With a quick trip across the pond, some European brands came to Press Camp in Park City, Utah with some new products that bring innovation to existing names, while remaining true to their brand DNA.
Ridley’s Noah Fast seems to have flown a bit under the radar since its 2011 launch considering the amazing innovation it delivers. Sure, it has aero shapes and comes equipped with special textured treatments to create laminar flow, but the big story here was those brakes; fully integrated into the actual carbon of the frame. Ridley has updated the brakes for 2013 to deliver stopping power and modulation they believe exceeds that of any traditional brake. For 2013 Ridley is also delivering fully built Noah Fast’s for the first time and not just any builds. You can get either an 11-speed Dura Ace Di2 build or an 11-speed Campy Super Record EPS build. Complimented by Reynolds Assault carbon and their house brand Forza cockpit these Noah Fast complete bikes will not be cheap, but will certainly represent the absolute cutting edge of today’s technology. Campagnolo Super Record 11 EPS BuildNew Dura Ace Di2 11 Speed Build
Ridley also launched 3 all new platforms for 2012, an all new Helium designated the SL for the pure power-to-weight ratio riders, a women’s bike called the Liz, and the Fenix, an UltegraDi2 level bike. Look for a more in depth look at those bikes soon.
The Belgians at Lazer Helmets have given a serious update to their Helium helmet. While still the same basic mold the fit system has been extensively upgraded. A new gel pad at the forehead spreads fit pressure more evenly as well as keeps sweat out of your eyes by creating a tight seal. The rear cradle is now adjustable up and donw, the cables that tighten the fit are coated and showing off some of the unique thinking we associate with Lazer, the Roll-Sys dial gets an integrated red light for rides that go a bit too long. Happily the price stays the same, $230. Look for the new Helium to be at dealers this October. Lazer has also created magnetic brackets than can be attached to the Helium to allow their Magneto glasses to be stored safely on the lid when climbing or the TV Moto comes close. Even previous Helium models can easily be retro-fitted to run the new light.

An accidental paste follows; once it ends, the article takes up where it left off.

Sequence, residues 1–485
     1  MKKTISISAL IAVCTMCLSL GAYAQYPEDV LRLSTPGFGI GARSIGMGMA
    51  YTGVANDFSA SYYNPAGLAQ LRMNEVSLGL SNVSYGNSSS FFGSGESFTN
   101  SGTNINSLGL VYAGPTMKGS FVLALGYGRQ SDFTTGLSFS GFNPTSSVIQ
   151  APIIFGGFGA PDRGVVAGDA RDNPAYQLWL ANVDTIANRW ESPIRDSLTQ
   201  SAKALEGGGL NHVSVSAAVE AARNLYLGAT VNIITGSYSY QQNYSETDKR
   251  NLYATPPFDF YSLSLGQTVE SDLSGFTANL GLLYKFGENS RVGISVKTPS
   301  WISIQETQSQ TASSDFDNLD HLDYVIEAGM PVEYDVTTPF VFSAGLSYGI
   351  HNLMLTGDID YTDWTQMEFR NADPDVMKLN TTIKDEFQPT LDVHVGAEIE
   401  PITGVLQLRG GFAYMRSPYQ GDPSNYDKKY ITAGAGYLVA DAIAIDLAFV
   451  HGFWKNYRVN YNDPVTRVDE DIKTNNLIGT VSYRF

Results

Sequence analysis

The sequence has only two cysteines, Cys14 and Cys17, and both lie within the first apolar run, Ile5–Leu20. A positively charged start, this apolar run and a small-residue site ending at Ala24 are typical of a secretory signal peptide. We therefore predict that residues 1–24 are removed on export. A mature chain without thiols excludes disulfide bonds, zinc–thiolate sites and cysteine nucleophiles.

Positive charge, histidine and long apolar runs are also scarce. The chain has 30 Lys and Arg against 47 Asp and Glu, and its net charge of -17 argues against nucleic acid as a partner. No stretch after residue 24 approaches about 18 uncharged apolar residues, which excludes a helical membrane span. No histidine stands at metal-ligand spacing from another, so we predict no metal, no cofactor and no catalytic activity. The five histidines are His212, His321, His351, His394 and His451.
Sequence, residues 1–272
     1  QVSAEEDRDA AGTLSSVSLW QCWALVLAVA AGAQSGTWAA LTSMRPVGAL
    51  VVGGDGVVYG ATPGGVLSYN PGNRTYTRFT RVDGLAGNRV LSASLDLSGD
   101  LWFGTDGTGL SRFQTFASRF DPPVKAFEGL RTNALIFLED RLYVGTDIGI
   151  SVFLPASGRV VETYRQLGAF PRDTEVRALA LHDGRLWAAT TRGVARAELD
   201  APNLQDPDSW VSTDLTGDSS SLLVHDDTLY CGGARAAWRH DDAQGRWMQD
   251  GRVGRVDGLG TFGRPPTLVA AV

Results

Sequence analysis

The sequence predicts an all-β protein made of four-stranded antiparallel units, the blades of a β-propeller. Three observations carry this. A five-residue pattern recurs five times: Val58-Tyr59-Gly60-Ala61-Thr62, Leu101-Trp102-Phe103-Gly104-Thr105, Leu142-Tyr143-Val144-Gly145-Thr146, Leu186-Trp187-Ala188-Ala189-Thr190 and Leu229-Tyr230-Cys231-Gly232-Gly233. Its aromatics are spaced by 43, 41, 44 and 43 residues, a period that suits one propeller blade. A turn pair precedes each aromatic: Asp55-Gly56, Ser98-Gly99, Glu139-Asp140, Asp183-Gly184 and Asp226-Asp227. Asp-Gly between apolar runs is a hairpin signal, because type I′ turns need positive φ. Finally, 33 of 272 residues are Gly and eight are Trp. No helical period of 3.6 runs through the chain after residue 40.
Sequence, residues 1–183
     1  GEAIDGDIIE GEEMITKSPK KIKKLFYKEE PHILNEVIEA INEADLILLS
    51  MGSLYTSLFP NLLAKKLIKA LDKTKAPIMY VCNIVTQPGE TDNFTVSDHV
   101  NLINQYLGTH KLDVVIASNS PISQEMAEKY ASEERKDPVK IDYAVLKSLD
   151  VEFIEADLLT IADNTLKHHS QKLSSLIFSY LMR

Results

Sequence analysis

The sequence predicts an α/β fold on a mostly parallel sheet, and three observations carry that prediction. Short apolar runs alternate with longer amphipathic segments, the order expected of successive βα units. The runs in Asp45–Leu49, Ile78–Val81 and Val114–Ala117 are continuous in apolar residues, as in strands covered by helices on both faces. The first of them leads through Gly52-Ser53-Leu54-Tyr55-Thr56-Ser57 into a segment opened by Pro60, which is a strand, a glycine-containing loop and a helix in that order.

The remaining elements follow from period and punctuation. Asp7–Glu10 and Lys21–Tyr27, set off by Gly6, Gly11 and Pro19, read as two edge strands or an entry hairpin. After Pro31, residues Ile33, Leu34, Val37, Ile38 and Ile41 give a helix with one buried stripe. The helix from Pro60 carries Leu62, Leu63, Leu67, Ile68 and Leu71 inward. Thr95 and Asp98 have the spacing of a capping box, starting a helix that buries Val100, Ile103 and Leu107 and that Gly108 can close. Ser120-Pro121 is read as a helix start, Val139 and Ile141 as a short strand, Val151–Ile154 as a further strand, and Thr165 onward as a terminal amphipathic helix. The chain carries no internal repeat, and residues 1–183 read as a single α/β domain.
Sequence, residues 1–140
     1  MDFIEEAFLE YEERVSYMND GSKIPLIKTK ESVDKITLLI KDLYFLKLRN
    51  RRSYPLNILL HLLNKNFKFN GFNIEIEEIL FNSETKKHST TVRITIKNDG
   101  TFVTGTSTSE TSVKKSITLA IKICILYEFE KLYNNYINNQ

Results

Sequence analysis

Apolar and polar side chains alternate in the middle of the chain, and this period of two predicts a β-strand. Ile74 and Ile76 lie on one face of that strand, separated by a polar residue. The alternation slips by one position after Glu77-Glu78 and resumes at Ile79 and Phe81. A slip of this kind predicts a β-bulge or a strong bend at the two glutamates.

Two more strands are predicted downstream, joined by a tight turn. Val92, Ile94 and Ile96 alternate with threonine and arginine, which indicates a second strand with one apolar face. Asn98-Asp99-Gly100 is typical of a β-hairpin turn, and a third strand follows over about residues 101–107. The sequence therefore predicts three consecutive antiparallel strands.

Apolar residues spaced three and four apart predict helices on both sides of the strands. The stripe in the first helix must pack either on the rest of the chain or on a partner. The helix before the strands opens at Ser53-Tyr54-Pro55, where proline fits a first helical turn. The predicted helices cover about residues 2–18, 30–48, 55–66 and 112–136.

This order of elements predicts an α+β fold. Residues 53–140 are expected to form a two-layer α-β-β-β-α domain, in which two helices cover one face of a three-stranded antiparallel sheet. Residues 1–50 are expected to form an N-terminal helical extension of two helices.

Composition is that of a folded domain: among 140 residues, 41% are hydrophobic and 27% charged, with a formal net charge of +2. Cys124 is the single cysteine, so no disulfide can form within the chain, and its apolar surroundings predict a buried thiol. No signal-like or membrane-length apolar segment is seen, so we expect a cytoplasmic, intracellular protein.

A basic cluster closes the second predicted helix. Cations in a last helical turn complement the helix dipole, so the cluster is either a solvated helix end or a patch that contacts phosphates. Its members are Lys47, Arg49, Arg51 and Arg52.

Hutchinson, the road tubeless pioneers are continuing to develop the technology with the help of their pro road teams and the technological abilities of their French production facility. The top-tier Atom tire now gets a ‘Galactik’ designation and sheds 25-grams to hit the scale at 250-grams. For the first time, this puts tubeless road within a hairs-breadth of light tube-type clincher weights. Where the Atom ‘Galactik’ will trounce those tube-type tires is in rolling resistance and amazingly it will trounce tubulars to. The Atom ‘Galactik’ has a lower rolling resistance than even their pro level tubulars.
Hutchinson’s pro team, FDJ, also helped develop the Intensive 28, which they ran at Roubaix and experienced fewer punctures than with their traditional tubulars. The Intensive 28 isn’t a performance category tire according to Hutchinson with its 300 gram weight, but for any rider wanting real rough road performance and even gravel performance the Intensive 28 is the perfect choice. Unlike the Atom ‘Galactik’, the Intensive 28 does require sealant to run tubeless. Look for these tires to be available early fall with the Atom ‘Galactik’ retailing for $109.